Another memorable spiritual experience I had was when one of my dance students, an Iranian lady, invited me to her baptism. I had always loved her and found her to be one of the most colourful characters to ever enter my dance studio. I went with very little expectation, other than to support my Iranian friend, a single mother who had a child of wedlock. To my delight, I was completely swept off my feet with the love of Jesus.
I was moved to tears as I realised how many years of my life I had taken for granted, the blessing and freedom we have, personally and corporately to know Christ. . When they asked among the crowd if anyone else would like to be baptised at a later date, I didn’t give it a second thought. I was compelled to put my hand up. I now know what I experienced and realise that, for the first time in my life, I felt the Holy Spirit move.
In March 2008, I eventually moved back to Australia, less than a month after my friend’s baptism and not long after recovering from pneumonia. I wanted warmer weather, family, love, and time to recover after being away for seven years. When I got back, the grief I felt at leaving behind my friends and loved ones in the UK, combined with PTSD, meant I was an absolute howling mess. I went on to visit an EMDR therapist to help me through that period.
It has been 16 years since I was diagnosed with PTSD and 12 since I started the treatment that would relieve my suffering.
Healing can be found in Christ
From the time I understood I was a new creation in Christ, I believed in His healing power—I believed in miracles and I was open to receiving them. I also believed He wanted more for me. Far from feeling like He was holding out on me, in not giving me a swift miracle, I genuinely felt He was growing in me the knowledge of Him, and giving me the opportunity to renew my mind.
Walking with Jesus so far has looked deeply humbling. Next to Him, we are so aware of our flaws, our brokenness, and the many ways we try to quench the deep need we have for God with everything that is of this world. I reached a place I realised I didn’t want to go without Him. I started to see life as something to be shared with the lover of my soul.
And He showed up in my life in so many ways. It looked like kind friends who saw me in that state and didn’t turn away, but chose to uplift me in my suffering instead of stepping over me. Those who acted like Jesus. And sometimes it looked like those who realised I needed Him, more than I needed them. You see, sometimes we lose people, not because they weren’t meant for us, but because we need to know who our true lover is—the one who came to set us free.
It looked like prayer offered up by others on my behalf in total submission to His will for my life. And in that surrender, in that wrestle, in that mayhem, finally there was peace. I was called to worship Him.
Along with my spiritual healing, I did a lot of EMDR (Eye Movement Desensitisation Reprocessing—with Clinical Psychologists, and still occasionally do), completed SOZO sessions, Elijah House Ministries Australia and Christian Counselling.
All these helped me to turn my life around—step by step.
Contending for peace doesn’t end
There are times when I face contention for my peace. And at those times, I have learned, it is not a battle that ends. That we must stand and contend each day.
But through adapting my lifestyle, to one of fasting, prayer, and above all love, I have been able to find a way—paved by God, where He placed the right people and resources in my path.
There is a peace that comes when you accept God into your life but this was another level of peace. It was the peace of abiding in the Vine. Knowing I am to be pruned, nurtured, and that I have a place in the Vine.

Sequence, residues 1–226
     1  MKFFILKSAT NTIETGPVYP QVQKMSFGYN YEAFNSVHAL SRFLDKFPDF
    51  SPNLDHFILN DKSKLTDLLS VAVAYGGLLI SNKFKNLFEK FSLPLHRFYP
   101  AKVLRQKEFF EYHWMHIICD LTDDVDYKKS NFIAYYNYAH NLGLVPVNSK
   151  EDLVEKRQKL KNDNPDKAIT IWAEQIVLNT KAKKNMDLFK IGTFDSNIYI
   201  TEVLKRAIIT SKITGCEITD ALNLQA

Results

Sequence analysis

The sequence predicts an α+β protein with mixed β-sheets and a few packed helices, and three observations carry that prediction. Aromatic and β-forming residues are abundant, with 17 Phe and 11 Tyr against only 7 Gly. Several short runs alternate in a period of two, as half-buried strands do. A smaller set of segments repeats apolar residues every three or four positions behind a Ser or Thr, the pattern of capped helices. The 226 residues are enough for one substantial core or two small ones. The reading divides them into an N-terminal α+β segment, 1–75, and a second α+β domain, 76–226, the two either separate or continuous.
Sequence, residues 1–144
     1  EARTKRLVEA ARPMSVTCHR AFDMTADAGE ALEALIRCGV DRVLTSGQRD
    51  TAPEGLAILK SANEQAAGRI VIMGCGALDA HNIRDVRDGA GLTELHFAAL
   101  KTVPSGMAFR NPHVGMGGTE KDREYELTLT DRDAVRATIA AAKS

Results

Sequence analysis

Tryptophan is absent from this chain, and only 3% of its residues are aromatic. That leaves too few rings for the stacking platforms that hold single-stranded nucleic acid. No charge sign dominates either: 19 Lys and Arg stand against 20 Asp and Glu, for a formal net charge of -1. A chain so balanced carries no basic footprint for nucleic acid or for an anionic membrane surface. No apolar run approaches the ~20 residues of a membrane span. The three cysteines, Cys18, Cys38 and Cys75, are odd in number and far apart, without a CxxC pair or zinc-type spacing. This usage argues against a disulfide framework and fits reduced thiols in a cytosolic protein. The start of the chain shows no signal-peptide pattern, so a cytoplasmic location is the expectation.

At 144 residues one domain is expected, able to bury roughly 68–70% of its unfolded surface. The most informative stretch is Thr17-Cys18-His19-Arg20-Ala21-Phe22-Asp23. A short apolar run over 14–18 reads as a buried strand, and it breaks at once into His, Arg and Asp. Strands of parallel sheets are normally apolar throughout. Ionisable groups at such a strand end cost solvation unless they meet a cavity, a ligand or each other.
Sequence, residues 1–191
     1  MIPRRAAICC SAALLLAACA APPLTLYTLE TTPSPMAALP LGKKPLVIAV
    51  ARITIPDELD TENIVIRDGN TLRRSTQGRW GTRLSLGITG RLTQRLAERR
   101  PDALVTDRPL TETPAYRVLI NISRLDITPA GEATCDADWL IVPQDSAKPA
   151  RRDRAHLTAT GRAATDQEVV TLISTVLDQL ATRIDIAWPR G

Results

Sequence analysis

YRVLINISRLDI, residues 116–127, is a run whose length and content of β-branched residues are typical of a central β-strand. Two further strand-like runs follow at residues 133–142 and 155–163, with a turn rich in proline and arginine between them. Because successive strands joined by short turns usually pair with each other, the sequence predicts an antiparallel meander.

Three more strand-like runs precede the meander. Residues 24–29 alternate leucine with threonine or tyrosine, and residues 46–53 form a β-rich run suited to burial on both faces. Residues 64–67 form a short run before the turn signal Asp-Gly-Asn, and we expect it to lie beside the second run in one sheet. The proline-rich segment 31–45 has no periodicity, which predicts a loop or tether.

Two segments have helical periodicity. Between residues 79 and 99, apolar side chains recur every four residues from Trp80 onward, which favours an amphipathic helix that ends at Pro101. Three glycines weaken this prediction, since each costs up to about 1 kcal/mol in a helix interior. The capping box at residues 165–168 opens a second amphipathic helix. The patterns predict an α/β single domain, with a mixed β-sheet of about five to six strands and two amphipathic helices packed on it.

A couple of weeks after arriving back in this country, I also started working in skincare retail. A customer handed me her business card and asked if I’d like to work with her at her local Christian radio station, which I eventually did in the end. And in a matter of weeks, I got baptised at her church too.
Each day, the Holy Spirit plays a huge part in helping me check in on myself and I find partaking of Communion regularly reveals to me the state of my heart. For a long time, God just let me know I was loved—He covered my shame—and I needed that time to just be loved.But after a while, as I grew in the revelation of where I still hadn’t forgiven, or may have judged, it became obvious to me that I had to forgive those who had offended me.
Discipleship with those established in faith was also critical to me. I have prayer warriors around me who have been with me almost since the beginning of my time with the Lord. I can say, without doubt, that their prayers shift my life in ways I wasn’t capable of.
Bringing it back to Jesus—time and time again
Ultimately, it’s about bringing it all to Jesus and saying, “Jesus, where am I? How do I deal with this? How do I process this? Is this about healing my brain, my body, my soul, or all of the above?” and letting God show me and heal me.
People often think recovery means going back to what we were once, the person we were before trauma, but, it’s more about being “transformed”. I would say I have “transformed”, and I’m a different version of who I was before the assault, and battling with PTSD, depression, and anxiety. The strongholds we face, mentally, physically, and spiritually can serve to strengthen us, and prepare us for the challenges we will face in the future.
Before, I thought I had confidence and was strong; now I realise I am confident because of who I am in Him—that the joy of the Lord is my strength. Whether you are radically delivered and healed or not, is up to Him. But it is up to us to stay the course and choose the narrow path—that we may receive the crown of life and be free from the past.
Transformation can eventually become liberation, as once God has had His way in us, we are able to walk in the fullest expression of who He has called us to be: Christ in us, the hope of our glory.
Editor’s notes: To learn more about Katherine, visit her personal website here: https://www.heartspaceinternational.net/. To learn more about EMDR, visit EMDR Association of Australia: https://emdraa.org/